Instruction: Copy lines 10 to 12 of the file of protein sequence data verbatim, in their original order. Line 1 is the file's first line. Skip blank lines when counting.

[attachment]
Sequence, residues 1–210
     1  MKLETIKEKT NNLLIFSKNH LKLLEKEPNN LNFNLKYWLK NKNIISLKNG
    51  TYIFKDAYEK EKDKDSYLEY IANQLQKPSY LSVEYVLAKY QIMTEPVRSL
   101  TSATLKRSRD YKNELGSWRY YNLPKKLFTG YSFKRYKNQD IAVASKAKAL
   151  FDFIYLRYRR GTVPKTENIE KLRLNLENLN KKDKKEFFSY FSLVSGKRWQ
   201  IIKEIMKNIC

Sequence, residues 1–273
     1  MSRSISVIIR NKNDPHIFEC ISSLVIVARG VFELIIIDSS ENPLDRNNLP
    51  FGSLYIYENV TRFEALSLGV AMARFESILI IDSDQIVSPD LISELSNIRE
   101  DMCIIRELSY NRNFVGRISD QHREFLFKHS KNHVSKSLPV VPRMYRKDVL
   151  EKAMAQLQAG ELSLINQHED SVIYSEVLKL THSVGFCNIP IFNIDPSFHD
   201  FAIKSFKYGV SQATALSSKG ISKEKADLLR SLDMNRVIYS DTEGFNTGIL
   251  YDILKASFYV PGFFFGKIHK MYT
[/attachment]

   101  DMCIIRELSY NRNFVGRISD QHREFLFKHS KNHVSKSLPV VPRMYRKDVL
   151  EKAMAQLQAG ELSLINQHED SVIYSEVLKL THSVGFCNIP IFNIDPSFHD
   201  FAIKSFKYGV SQATALSSKG ISKEKADLLR SLDMNRVIYS DTEGFNTGIL